nd within the circle defined by the radius to the toxic endpoint for each scenario has been determined using the 1990 census data projections for 1997 from geographic information systems (GIS) software produced by Environmental Systems Research Institute (ESRI).  For both the worst-case and the alternative scenario the percentage of each census tract inside the area defined by the toxic endpoint was estimated and multiplied by the total population for each affected tract to determine the residential population affected by an accidental release. 
The worst-case release scenario at the Wesley Center WWTP involves the release of one one-ton cylinder of chlorine (2,000 lbs.) outdoors.  The offsite consequence analysis for this scenario is determined based on predefined conditions set by the EPA.  The general conditions are as follows:  the release of the entire contents from the cylinder as a gas in 10 minutes, an atmospheric stability class of F, wind speed of 1.5 m/s, ambient temperatur 
e of 25 degrees celsius, and a relative humidity of 50 percent.  The conditions surrounding the Wesley Center WWTP are defined as "urban" by the EPA.  Based on exhibit 4-3 of the Risk Management Program Guidance for Wastewater Treatment Plants (EPA 550-B-98-010 October 1998), the distance to the toxic endpoint for the worst-case release scenario is 1.3 miles.  The distance closely corresponds to independent site specific modeling performed using the DEGADIS model. 
The case study for the alternative release scenario involves the failure of a 5/16" gas valve to close.  It is assumed that chlorine detectors alert the WWTP operators to the release.  The amount of chlorine released is equal to 2,000 lbs., released at an average rate corresponding to the size of the 5/16" hole, this equates to a release of 240 lb/min.  The entire contents of the cylinder are released in 8.3 minutes.  Exhibit 4-13 of the EPA guidance document determines that the distance to the toxic endpoint is 0.3 miles.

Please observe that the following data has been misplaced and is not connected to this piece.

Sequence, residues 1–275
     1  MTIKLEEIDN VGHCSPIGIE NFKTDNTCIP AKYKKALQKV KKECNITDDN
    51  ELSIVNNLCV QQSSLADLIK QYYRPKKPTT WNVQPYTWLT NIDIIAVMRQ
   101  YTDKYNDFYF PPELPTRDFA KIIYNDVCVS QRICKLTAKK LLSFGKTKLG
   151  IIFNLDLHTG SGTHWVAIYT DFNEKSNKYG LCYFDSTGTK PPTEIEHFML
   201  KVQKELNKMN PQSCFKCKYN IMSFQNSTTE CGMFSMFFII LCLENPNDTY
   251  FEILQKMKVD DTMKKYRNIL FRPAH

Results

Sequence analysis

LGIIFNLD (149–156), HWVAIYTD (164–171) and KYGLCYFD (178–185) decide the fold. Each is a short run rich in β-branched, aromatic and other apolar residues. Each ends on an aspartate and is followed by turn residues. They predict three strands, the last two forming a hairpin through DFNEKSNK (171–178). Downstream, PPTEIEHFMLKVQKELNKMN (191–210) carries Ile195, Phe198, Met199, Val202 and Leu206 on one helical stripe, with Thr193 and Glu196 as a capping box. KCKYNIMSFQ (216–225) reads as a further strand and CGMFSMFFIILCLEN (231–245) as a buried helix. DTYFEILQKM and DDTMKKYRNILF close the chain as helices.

d.     The Pasco County Utility Services accidental release prevention program consists of the following elements: 
    -     The ongoing and continuous training of the operators. 
    -     A preventative maintenance program that follows manufacturer's specifications and acceptable  
          engineering practices. 
    -     The implementation of state-of-the-art process and safety equipment. 
    -     Ongoing equipment and hazard reviews. 
    -     The use of current operations and maintenance manuals. 
    -     Continued equipment inspections. 
          The Pasco County Utility Services have also included the following chemical specific prevention  
    -     The use of chlorine dectectors. 
    -     The use of self-contained breathing apparatuses (SCBA), when handling chlorine containers. 
    -     All operators have been trained to be aware of the hazardous effects and toxic properties of 
e.     The Wesley Center WWTP has experien 
ced no accidental releases of chlorine over the past five (5) years. 
f.     The Wesley Center facility has an emergency response plan that has been coordinated with the Local Emergency Planning Committee (LEPC).  This plan consists of a chain of command and decision tree for the response to a release of chlorine.  The plan coordinates local and regional organizations to combat the effects of the release.